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This entry has been published on 2015-03-20 and may be out of date.

Last Updated on 2015-03-20.



If you are using an IP Intercom like 2N Helios IP or a similar Mobotix product, you might have seen that the variety of IP compatible sound modules for a simple internal doorbell is quite low. But something like this is necessary for many homes, as SIP / VoIP smartphone apps can be unreliable.

Some IP doorbells offer a hardware relais to do it the old-school way and lay wires between doorbell / sound module and intercom, but this should not be the solution for a modern intercom system in my opinion.


Solution approach

In this tutorial, I will show you how to create a sound module which can be controlled via HTTP request commands.

Arduino doorbell

The Arduino Ethernet Board is a good way to achieve this, because

  • there are Power over Ethernet compatible versions, or you can extend it yourself with a PoE module
  • low power consumption
  • reliable device
  • simple coding

Although it seems a bit expensive just for usage as sound module, note you can use this piece of hardware for many other scenarios, so this money is not wasted 🙂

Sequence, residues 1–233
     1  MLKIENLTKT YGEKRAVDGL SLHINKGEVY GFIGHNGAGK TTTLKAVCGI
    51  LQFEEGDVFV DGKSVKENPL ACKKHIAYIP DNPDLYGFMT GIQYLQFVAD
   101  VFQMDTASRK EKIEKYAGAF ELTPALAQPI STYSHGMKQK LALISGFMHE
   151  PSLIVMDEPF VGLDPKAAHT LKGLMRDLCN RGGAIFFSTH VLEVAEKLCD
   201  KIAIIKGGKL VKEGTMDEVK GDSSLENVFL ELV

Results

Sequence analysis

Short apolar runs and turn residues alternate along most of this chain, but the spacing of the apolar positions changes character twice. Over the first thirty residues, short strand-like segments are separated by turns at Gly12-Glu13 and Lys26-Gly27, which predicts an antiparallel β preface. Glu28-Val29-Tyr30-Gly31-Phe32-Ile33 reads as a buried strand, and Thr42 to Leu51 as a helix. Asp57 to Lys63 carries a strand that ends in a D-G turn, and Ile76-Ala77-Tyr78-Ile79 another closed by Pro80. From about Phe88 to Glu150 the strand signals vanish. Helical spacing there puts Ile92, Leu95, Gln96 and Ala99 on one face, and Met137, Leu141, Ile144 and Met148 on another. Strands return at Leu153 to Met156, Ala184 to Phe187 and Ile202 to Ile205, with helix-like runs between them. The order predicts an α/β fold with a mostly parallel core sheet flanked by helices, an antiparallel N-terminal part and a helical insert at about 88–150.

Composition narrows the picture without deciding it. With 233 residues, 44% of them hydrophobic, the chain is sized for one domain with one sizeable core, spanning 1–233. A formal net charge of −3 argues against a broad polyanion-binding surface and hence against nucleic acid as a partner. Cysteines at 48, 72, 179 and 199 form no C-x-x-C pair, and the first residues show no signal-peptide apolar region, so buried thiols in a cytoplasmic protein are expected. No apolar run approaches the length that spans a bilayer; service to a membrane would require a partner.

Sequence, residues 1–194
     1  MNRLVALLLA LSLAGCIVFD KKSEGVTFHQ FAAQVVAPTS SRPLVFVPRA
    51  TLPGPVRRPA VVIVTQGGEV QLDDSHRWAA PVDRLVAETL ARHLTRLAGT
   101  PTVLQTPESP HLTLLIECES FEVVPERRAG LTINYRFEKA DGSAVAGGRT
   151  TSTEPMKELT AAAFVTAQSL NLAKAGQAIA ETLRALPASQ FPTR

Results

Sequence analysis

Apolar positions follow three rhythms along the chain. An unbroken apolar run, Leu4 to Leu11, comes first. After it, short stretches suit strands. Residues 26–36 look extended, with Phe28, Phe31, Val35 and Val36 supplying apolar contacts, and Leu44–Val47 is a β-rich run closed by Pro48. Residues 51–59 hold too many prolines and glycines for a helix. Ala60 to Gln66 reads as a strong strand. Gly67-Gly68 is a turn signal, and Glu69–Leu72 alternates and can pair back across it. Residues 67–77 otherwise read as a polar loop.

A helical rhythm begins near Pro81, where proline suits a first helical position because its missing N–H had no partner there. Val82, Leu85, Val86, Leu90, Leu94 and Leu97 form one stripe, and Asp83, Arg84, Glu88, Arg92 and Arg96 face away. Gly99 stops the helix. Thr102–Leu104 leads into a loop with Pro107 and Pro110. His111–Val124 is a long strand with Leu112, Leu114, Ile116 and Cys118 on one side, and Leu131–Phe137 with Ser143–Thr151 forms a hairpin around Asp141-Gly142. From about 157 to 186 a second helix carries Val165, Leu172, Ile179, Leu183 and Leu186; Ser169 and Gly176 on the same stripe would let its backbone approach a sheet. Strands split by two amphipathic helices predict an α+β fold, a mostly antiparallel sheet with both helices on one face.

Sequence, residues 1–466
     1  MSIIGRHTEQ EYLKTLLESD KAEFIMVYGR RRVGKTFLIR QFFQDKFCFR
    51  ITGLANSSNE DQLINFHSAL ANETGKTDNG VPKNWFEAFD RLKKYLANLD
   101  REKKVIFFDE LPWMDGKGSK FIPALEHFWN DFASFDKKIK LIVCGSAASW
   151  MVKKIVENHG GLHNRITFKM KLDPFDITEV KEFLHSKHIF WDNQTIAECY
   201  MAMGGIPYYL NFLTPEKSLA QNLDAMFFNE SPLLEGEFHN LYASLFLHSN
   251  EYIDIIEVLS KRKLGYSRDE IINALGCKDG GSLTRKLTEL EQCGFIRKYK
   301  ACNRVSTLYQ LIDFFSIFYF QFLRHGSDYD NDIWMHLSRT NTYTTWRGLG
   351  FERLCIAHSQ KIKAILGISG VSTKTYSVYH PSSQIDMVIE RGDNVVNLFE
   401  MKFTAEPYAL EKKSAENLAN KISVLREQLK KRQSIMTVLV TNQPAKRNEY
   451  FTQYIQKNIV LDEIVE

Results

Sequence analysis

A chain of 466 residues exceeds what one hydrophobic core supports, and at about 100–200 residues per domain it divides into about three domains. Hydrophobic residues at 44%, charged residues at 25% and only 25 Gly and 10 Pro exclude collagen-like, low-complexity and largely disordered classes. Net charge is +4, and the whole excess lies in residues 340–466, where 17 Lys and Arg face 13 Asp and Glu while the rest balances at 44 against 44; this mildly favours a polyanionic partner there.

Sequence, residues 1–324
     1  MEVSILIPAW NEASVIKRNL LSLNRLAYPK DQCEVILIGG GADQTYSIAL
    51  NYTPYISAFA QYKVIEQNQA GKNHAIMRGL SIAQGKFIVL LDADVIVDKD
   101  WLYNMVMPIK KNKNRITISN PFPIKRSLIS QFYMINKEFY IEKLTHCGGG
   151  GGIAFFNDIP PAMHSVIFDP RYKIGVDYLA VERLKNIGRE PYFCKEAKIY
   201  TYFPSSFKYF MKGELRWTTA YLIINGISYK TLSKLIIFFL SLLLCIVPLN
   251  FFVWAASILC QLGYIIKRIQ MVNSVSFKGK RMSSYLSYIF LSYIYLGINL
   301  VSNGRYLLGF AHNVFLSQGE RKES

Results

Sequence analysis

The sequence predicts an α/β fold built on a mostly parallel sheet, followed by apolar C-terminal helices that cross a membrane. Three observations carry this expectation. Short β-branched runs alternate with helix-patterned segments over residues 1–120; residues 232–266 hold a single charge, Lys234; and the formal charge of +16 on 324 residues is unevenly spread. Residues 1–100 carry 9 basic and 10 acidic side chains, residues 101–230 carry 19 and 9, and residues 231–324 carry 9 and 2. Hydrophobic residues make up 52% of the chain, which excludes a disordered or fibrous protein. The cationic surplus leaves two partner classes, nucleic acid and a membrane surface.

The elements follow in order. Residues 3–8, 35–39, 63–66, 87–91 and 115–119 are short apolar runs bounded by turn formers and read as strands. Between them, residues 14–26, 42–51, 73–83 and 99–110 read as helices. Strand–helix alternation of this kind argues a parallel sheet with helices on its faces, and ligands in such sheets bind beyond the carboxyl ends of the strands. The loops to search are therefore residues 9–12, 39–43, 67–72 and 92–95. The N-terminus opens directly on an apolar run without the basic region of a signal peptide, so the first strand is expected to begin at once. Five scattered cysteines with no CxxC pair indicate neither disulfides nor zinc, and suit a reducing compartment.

This is what you need:


Download the Arduino IDE from here and install it.

Read the Getting Started tutorial and connect your board via USB (do not forget to set the right serial port).

Within the Arduino software, use this code to create a webserver which can start the sound output:

#include <SPI.h>
#include <Ethernet.h>

bool soundoutputPending = false;

String httprequest = "";

byte mac[] = {
  0xDE, 0xAD, 0xBE, 0xEF, 0xFE, 0xEB
IPAddress ip(10, 1, 0, 84);

EthernetServer server(80);

void setup() {
  Ethernet.begin(mac, ip);

void loop() {
  EthernetClient client = server.available();
  if (client) {
    boolean currentLineIsBlank = true;
    while (client.connected()) {
      if (client.available()) {
        char c =;
        httprequest += c;
        if (c == '\n' && currentLineIsBlank) {
          client.println("HTTP/1.1 200 OK");
          client.println("Content-Type: text/html");
          client.println("Connection: close");
          client.println("<!DOCTYPE HTML>");
          if (httprequest.indexOf("soundOutput") > -1)
            soundoutputPending = true;
          httprequest = "";
        if (c == '\n') {
          currentLineIsBlank = true;
        else if (c != '\r') {
          currentLineIsBlank = false;

  if (soundoutputPending)
    soundoutputPending = false;

void sound()
  tone(9, 200, 200);
  tone(9, 300, 200);
  tone(9, 400, 200);
  tone(9, 500, 200);
  tone(9, 600, 200);
  tone(9, 800, 500);

Connect the speaker’s black wire to a ground pin and the red one to Pin 9. You can also use another pin number in the sound() function, but I experienced some distortion noise e.g. on 10 and 11.

Adujst e.g. IP or port settings for your needs, then upload the script to your Arduino.

To test it, open your browser and type http://[yourIp]:[yourPort]/soundOutput, e.g.: